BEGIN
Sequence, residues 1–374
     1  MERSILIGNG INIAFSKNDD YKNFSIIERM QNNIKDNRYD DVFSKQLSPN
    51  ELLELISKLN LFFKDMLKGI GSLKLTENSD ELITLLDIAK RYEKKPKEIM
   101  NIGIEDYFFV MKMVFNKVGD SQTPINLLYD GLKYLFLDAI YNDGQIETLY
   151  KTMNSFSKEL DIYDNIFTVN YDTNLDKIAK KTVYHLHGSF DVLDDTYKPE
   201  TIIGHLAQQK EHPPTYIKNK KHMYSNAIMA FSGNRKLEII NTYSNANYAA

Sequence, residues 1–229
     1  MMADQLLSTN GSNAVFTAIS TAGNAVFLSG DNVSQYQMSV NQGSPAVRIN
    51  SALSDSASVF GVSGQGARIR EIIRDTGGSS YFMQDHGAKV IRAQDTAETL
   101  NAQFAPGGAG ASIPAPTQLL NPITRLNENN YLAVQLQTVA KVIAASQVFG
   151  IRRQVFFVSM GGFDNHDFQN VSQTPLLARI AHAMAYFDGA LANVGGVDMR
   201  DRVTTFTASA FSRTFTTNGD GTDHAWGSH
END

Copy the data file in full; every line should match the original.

Sequence, residues 1–374
     1  MERSILIGNG INIAFSKNDD YKNFSIIERM QNNIKDNRYD DVFSKQLSPN
    51  ELLELISKLN LFFKDMLKGI GSLKLTENSD ELITLLDIAK RYEKKPKEIM
   101  NIGIEDYFFV MKMVFNKVGD SQTPINLLYD GLKYLFLDAI YNDGQIETLY
   151  KTMNSFSKEL DIYDNIFTVN YDTNLDKIAK KTVYHLHGSF DVLDDTYKPE
   201  TIIGHLAQQK EHPPTYIKNK KHMYSNAIMA FSGNRKLEII NTYSNANYAA

Sequence, residues 1–229
     1  MMADQLLSTN GSNAVFTAIS TAGNAVFLSG DNVSQYQMSV NQGSPAVRIN
    51  SALSDSASVF GVSGQGARIR EIIRDTGGSS YFMQDHGAKV IRAQDTAETL
   101  NAQFAPGGAG ASIPAPTQLL NPITRLNENN YLAVQLQTVA KVIAASQVFG
   151  IRRQVFFVSM GGFDNHDFQN VSQTPLLARI AHAMAYFDGA LANVGGVDMR
   201  DRVTTFTASA FSRTFTTNGD GTDHAWGSH